Non-Intentional Design: Investigating alterations of space/objects at the public/private boundary in suburban Tokyo, Japan. A resource by Contact: Chris Berthelsen

Memorial Asagao

Quick notes from memory-infused morning glories

Mr. Kushimoto in Shibuya gives us an early morning lesson in memory-infused gardening (see Personal Impact of Urban Green Space) en-route to breakfast at Knee High Media Japan.

His very ordinary plot of asagao (Morning Glory) links him to his Noh teacher who received the seeds as a gift but had no space to grow them in his tiny apartment and passed them on to Kushimoto. This Noh teacher lives next-door, in an apartment building that was once part of the Kushimoto family estate (now broken up into quarters, and soon to be fragmented further – see e.g. Schematic of scattered land ownership over time in a typical Japanese village).

Mr. Kushimoto used to have a garden that spanned the front of his home, but when his brother turned his inheritance into an income-producing parking lot dirt became scarce – the compromise being the deep concrete planter leading up to the entrance to Kushimoto’s property. This planter proved a more productive spot than the shallow and junky infill soil of the original plot (see last photo).

Now, Mr. Kushimoto lives on the 1st floor of his two-storey house (son and family on 2nd floor) and limits his gardening to decorative asagao, irises and roses – he informs us he has no need for home-grown vegetables because he never learned to cook and his wife passed away a couple of years ago (her name is, however, forever etched on the mailbox plate).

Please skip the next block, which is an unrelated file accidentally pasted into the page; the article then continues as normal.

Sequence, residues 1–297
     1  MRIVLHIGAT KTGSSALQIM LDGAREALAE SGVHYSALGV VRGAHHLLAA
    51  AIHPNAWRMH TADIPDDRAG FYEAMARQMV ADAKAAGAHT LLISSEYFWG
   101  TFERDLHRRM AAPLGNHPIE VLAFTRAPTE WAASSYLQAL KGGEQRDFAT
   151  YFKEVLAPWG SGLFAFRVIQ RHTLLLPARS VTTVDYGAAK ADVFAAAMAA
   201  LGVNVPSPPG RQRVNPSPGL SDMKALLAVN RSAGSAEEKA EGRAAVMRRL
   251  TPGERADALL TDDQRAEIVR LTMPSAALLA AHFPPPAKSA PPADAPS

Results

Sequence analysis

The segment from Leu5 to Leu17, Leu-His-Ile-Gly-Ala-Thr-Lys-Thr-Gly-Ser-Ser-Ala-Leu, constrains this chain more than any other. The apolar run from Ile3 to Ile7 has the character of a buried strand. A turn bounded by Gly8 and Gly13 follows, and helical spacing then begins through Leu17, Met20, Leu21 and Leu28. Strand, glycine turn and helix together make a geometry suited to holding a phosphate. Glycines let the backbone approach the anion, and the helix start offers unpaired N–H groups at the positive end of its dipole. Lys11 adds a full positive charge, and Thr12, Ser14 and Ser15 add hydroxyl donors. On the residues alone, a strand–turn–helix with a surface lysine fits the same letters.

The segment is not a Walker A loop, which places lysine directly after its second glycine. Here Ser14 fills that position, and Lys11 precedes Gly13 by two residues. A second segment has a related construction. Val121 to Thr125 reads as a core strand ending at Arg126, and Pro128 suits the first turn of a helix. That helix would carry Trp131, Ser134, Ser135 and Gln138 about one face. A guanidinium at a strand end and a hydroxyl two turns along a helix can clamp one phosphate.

The asagao blooms in the morning, withers by afternoon and goes to seed soon after (a process very lovingly described by Kushimoto) (see second to last photo). I love the mix of intergenerational property metamorphosis, spousal memorial, ongoing teacher-student friendship and loyalty, long-term attention to soil quality and daily change brought out in this simple early morning encounter.

(Originally posted on

Memorial Garden in Neighbourhood Park

This well tended local neighbourhood park garden is actually a quiet memorial to a deceased spouse.

Chatting with the lady who was working on the garden (planting tulips) I learned that she was carrying on the work of her husband, who had passed away the year before. He had worked in some area of the city agriculture/environmental works department and had shared his love and knowledge of plants and gardening over the years of marriage.

His volunteer work maintaining this patch in a local park had been his gift to the neighbourhood.

Memorial Garden in Neighbourhood Park
Memorial Garden in Neighbourhood Park
Memorial Garden in Neighbourhood Park

Location: Akishima, Tokyo

(Originally posted on Tokyo-DIY-Gardening)

Shrine Collage

A personal shrine in the backyard of a Nakano residence constructed in a collage of breeze blocks, wood, polystyrene and more.
Materials: Breeze Blocks, Wood, Polystyrene
Location: Nakano-Ku, Tokyo

Mega-Cities: Design Anthropology and Urban Landscapes
I'm delighted and honoured to have my FIXES work included in Jared Braiterman's Tokyo University graduate seminar on mega-cities.
You can download the syllabus [HERE]

Thanks to the URBAN DESIGN Lab 西村・北沢・窪田 都市デザイン研究室, Department of Urban Engineering, Graduate School of Engineering, The University of Tokyo for making this a featured resource of their lab [LINK]

Vision Plus 2010
Thanks to the organizers of the conference for selecting this project as a featured resource, even though I was not able to attend.

Article: Small Places of Anarchy in the City: Three Investigations in Tokyo on This Big City

Article: The Non-Intentional Landscape of Tokyo - read at This Big City

Article: Framework for Neighbourhood Creative Climate - read at This Big City

Tokyo Green Space from Jared Braiterman is a great inspiration [LINK]

Urban Bricolage by @ehooge is an inspiring site on a related theme [LINK]

Treepolis by Christoph Rupprecht inspires me with investigations into informal green space, cities, and urban ecology with a focus on Australia and Japan [LINK]

Everyday Structures by @alanwiig is another fine site in the same vein [LINK]